6. Did certain parts of the book make you uncomfortable? If so, why did you feel that way? Did this lead to a new understanding or awareness of some aspect of your life you might not have thought about before?
The scenes where Rose gets tortured by Lenore made me uncomfortable. Rose reminds me a lot of my mom so those parts were tough for me to write.
7. Was there a basis for your story? A previous experience? Something else?
I got the idea for First Frost a couple of years ago while watching a commercial for a local children’s museum. My first thought was ‘Yay! Someplace close by that I can take my son every once in a while.’. My next thought was ‘I wish they had themed museums, like a pirate museum or a fairy tale museum. Because kids are usually into different things.’ And once the idea of a fairy tale museum hit me, it refused to let me go. I remember I was giving my son his bottle at the time and my notebook was on the other end of the couch. It may as well have been a million miles away. My son was falling asleep in my arms and I didn’t want to wake him up so I kept repeating that idea to myself over and over again so I wouldn’t forget. I finally managed to get my son to take a nap and I dove straight for my notebook and wrote a few ideas for the story.
I really had to stop and ask myself:
What’s in the museum?
Why is all this stuff there?
Who works there? Why?
Are any of the items real?
After I figured out some of those answers the story pretty much wrote itself.
8) What research did you have to perform to back up your story? Any research which really opened your eyes or gave you new respect for a topic or profession?
I started out by reading fairy tale books by The Brothers Grimm, Hans Christian Andersen and Charles Perrault. Then I read articles on castles and bears. Read books on spells (no one was turned into a toad…I promise), herbs, and I’m always reading books and magazines on writing.
9. What is your method for writing a book? A certain amount of hours every day? A certain routine? Are you character/story builder or an outline or some other method?
Since I’m a stay at home mom (two boys, one is 3 ½ years old and the other is 11 months old) it’s very difficult for me to have a routine. I basically write when the kids are napping or when they’re playing peacefully in the living room. I grab my notebook and my pen and write until one of my kids needs me (or slaps the pen out of my hands…which is happening more and more every day). But sometimes I do manage to get out of the house and I’ll escape to Panera and write for a couple of hours.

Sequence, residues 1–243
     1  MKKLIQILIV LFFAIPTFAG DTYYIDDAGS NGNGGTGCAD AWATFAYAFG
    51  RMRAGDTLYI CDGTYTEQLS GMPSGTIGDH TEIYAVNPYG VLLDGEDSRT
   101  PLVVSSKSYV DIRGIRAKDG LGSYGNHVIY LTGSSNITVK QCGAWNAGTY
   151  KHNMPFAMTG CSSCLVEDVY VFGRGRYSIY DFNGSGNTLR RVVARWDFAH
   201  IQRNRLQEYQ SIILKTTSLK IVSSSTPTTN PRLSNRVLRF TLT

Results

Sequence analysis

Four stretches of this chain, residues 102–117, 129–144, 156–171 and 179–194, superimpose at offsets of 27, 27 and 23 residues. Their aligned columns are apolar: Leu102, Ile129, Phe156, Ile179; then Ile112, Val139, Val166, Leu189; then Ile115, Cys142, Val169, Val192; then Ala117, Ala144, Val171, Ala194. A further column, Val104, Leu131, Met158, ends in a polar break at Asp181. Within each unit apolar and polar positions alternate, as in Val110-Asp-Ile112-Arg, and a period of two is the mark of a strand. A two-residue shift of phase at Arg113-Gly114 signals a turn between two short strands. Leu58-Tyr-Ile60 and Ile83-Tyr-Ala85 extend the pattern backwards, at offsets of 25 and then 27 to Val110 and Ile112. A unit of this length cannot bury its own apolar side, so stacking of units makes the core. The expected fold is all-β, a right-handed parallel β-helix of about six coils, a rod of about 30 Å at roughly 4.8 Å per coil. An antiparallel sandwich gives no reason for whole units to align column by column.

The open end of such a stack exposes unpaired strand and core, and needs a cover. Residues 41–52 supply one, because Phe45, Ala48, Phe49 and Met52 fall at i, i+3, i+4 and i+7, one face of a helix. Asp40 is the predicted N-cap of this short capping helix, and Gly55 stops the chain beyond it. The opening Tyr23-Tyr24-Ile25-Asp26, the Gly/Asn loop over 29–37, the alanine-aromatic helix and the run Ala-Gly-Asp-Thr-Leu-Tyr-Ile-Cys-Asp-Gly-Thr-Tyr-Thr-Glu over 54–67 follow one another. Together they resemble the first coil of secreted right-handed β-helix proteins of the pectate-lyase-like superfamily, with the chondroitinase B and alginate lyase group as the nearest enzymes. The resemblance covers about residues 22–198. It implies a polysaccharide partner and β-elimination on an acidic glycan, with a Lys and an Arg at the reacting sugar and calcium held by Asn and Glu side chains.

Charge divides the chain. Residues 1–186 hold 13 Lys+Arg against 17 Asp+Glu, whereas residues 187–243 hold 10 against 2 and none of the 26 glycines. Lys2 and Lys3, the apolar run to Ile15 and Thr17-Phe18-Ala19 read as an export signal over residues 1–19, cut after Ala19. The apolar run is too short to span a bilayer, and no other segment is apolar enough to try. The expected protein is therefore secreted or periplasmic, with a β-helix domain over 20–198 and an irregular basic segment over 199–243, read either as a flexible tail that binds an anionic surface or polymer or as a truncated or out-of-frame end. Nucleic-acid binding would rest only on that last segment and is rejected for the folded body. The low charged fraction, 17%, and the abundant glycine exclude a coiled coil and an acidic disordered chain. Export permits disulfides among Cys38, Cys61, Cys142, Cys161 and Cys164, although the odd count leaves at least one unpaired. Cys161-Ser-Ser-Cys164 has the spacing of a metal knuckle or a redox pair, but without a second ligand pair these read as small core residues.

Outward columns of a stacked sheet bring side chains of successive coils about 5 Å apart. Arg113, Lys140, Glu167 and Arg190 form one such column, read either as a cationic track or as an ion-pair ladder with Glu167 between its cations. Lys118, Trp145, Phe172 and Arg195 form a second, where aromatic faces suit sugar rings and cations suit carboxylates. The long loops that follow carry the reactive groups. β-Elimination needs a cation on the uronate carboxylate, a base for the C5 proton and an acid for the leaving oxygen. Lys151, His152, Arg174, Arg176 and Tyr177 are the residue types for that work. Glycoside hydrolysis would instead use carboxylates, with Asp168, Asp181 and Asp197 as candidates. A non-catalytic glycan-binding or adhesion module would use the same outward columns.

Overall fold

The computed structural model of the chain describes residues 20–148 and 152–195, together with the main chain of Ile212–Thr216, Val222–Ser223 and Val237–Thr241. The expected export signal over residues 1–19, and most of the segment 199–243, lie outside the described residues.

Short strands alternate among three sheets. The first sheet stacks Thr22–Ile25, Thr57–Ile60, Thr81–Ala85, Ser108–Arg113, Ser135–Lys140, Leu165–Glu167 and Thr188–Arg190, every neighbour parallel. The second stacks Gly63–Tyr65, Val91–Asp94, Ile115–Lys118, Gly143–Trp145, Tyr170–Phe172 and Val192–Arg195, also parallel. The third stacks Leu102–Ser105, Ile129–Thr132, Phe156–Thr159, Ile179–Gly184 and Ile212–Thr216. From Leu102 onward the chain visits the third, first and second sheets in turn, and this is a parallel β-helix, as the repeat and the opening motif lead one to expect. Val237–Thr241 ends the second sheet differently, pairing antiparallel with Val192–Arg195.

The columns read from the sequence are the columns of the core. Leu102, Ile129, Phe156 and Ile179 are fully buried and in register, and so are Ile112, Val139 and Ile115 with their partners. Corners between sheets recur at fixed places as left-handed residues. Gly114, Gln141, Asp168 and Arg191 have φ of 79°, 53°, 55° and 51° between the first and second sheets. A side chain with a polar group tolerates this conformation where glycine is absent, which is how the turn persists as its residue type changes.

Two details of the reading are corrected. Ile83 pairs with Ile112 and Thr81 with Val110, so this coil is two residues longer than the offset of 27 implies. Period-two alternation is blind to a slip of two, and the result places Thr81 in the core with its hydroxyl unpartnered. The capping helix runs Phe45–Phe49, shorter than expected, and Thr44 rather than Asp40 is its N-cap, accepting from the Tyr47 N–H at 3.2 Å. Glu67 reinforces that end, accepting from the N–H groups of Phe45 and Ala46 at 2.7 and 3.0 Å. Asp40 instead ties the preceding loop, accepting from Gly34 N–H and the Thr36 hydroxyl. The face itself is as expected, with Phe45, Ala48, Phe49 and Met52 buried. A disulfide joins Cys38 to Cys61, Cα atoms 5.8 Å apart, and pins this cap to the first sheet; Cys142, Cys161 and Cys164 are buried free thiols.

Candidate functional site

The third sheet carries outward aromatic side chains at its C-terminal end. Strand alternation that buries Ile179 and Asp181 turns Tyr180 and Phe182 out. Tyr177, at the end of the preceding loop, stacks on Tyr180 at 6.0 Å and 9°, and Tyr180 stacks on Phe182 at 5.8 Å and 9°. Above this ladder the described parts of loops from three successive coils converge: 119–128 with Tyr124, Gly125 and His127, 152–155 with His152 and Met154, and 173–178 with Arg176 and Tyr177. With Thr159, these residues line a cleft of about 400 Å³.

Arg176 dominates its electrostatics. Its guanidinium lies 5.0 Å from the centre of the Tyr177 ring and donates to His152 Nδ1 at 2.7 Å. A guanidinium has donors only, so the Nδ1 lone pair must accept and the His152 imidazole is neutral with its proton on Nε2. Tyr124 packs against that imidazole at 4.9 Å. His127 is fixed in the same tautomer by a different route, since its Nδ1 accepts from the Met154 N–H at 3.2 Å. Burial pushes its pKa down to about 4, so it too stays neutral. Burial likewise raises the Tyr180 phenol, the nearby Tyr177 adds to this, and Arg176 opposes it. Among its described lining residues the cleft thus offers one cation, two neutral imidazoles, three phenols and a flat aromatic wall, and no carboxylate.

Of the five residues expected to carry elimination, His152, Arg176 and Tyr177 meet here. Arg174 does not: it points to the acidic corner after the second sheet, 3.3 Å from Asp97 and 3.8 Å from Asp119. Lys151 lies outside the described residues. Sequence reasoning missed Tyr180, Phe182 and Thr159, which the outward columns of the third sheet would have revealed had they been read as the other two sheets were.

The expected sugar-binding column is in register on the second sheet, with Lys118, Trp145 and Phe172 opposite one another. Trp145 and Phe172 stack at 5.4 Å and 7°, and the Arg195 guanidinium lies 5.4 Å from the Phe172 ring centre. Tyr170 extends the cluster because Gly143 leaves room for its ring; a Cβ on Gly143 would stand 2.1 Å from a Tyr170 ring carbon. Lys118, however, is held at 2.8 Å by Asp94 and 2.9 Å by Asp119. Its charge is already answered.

10. How do you get past writers block or distractions like the internet?
The internet is a HUGE distraction. Especially Facebook. I’ve had to disconnect myself from my WiFi in order to focus solely on writing. As for writer’s block? I don’t have the luxury of not writing when I have free time. Any moment that I have to myself I’m writing or editing or doing something to promote my book. When I don’t feel like writing I usually doodle until things start looking like words and then I get back into the swing of things. The only time I’m not writing is when I finally finish writing a novel and I give myself a week to celebrate and recover. Then I jump back into it because I’m always working on something, I always have an idea for a story.
11. Favorite book from childhood.
The Curious Clubhouse by Christine Govan
12. What’s on your desk? Can you see your desk? Describe what you see when you look around.
I can see parts of my desk so it’s not completely cluttered. J But I have a pile of papers, books, CD’s a day planner and The Writer’s Guide to Science Fiction and Fantasy by Orson Scott Card and the Editors at Writer’s Digest. I have a Snow White doll and a Katchoo action figure (from Strangers in Paradise) that I use as visual inspiration. I also have a Dr. Seuss wall calendar and a pen and pencil Christmas ornament that my mom gave me.
About the Author:
Liz DeJesus was born on the tiny island of Puerto Rico. She is a novelist and a poet. She has been writing for as long as she was capable of holding a pen. She is the author of the novel Nina (Blu Phi’er Publishing, October 2007), The Jackets (Arte Publico Press, March 2011) and First Frost (Musa Publishing, June 2012). Liz is currently working on a new novel.
For more information about the author please visit her website http://lizdejesus.webs.com/